Do away with the Principal Residence and capacitate Registration Officers

06 Sep 2019

By Adam Phatlhe

Registering to vote and eventually voting is a Constitutional right that should not be denied unless under extremely exceptional circumstances. And standing for political office as a consequence of having registered as a voter should not be easily denied unless also under exceptional circumstances. The Electoral Act together with the Constitution describe who is entitled to be registered as a voter and so on. The question of Principal Residence has recently become an intense talking point where it ended at the apex court of the land, the Court of Appeal. As it turned it, some Batswana have been denied the right to stand for political office like the late Rre Almond Tafa while others could be standing on the brink of being so denied. All this thanks to the Principal Residence issue. It is in this context I argue that Principal Residence be done away with because it doesn’t serve any useful purpose except that it stands to deny Batswana the right to register as voters and also the right to stand for political office.

It is not in dispute that Batswana and generally speaking, have more than one place of residence being the place where they spend most of their time on one hand and masimo (ploughing fields) and moraka (where they largely keep their livestock) on the other. While I accept that masimo and moraka in some cases may not boast modern amenities, they are still residences with people residing thereat. I also equate them to a Motswana owning a modern residence in the city, the second at his home village and the third elsewhere in the country. It is also not in dispute that Batswana are permitted to set up a home everywhere and anywhere in the country. Flowing from these factual positions, Batswana have over the years to date chosen to register and vote where they deemed fit. Some have taken their votes across constituencies where they feel their interests whatever those could be, will be better served and they continue to do so.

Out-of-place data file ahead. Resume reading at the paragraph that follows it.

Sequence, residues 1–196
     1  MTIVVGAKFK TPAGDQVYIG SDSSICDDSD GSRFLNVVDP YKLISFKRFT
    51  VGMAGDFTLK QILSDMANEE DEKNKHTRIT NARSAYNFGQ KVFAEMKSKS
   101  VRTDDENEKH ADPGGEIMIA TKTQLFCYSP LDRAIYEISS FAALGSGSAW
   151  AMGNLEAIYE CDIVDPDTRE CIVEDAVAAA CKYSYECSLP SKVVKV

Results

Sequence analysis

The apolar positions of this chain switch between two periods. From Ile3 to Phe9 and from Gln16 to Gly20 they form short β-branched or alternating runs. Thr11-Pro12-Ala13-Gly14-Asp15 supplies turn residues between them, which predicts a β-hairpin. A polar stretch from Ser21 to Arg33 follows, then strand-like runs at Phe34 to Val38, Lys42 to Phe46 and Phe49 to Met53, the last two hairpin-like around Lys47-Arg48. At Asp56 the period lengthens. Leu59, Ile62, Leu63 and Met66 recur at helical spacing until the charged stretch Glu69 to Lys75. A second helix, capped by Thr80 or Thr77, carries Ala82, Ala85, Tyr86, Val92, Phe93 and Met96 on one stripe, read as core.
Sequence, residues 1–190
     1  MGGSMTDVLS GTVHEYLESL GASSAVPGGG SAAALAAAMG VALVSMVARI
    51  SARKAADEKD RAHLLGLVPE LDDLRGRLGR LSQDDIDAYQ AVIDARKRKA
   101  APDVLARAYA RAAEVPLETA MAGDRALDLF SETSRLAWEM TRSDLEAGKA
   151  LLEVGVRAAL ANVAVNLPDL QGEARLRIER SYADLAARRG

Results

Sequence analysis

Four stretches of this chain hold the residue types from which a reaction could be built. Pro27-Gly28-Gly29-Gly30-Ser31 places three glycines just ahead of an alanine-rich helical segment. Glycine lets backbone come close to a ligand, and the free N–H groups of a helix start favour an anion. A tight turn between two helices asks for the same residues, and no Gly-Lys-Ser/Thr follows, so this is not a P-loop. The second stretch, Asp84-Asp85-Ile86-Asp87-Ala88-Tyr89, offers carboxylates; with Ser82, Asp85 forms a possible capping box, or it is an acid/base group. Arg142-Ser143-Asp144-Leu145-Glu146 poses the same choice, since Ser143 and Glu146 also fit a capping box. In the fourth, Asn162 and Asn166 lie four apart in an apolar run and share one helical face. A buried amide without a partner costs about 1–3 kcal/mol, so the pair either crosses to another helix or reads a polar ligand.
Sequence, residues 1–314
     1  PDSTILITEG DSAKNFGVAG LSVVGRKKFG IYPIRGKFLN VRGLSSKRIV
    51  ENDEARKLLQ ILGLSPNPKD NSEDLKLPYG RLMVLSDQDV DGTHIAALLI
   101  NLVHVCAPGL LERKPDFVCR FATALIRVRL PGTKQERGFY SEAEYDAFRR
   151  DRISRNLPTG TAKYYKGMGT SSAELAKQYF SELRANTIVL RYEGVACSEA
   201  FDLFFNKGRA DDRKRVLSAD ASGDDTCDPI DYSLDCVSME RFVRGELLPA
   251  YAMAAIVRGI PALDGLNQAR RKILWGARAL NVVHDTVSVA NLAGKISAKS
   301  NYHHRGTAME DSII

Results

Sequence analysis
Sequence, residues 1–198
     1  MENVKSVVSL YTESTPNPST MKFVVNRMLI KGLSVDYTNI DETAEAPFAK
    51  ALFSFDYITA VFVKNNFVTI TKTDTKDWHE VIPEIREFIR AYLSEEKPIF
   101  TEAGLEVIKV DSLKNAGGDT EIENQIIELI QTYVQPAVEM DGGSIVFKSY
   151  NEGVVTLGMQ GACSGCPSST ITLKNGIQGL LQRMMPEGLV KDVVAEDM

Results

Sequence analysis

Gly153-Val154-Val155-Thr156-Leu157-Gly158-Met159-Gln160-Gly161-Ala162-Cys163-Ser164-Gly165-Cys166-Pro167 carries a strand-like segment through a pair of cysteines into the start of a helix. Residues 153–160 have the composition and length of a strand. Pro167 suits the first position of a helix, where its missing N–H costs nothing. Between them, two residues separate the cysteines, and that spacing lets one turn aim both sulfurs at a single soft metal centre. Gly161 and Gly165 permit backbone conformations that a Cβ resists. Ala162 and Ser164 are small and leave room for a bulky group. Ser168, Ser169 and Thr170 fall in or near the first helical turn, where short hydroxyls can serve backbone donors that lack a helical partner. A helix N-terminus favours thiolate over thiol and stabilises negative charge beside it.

The President for example spends most of his time in Gaborone because his job so requires yet he has registered to vote in his home village. If there was a registration point either at his moraka or masimo, he would be perfectly entitled to register to vote thereat.  So why should other Batswana run the risk of being denied the right to register to vote at their other residences simply because such residences may be classified as not principal while it is accepted, after all, that they have three places of residence as alluded to above? I am not suggesting for a minute that there should be no controls to such registration but that it should not put unnecessary barriers in the process.

The recent Court of Appeal interpretation of Principal Residence in the matter between Mothusi States Maribe and Dorcas Kgobela Makgatho held that “The question of whether a residence is a principal one for purposes of Section 67 (3) (a) of the Constitution, is primarily to be determined on objective facts. The subjective factor prevails only where a court cannot on the facts before it decide which of the residences is the principal one. A court will not readily make a finding that a particular place is not a principal place of residence except where on any view of the facts, the prospective voter’s choice of residence as the principal one is unsustainable.”  When ruling on the same case in favour of Minister Makgatho, the Mahalapye Magistrate observed that the ‘objective facts’ were heavily in favour of the Minister hence her registration as a voter in her constituency, valid. It stands to reason therefore that should Minister Makgatho decide in future to register at her other residence for the 2024 general election, the ‘objective facts’ that should obtain by virtue of her connection to that residence, should allow her to do so without any qualms. Equally so, the very same facts should apply to other Batswana owning more than one residence who may elect to register thereat. In these circumstances, I humbly argue principal residence becomes inconsequential.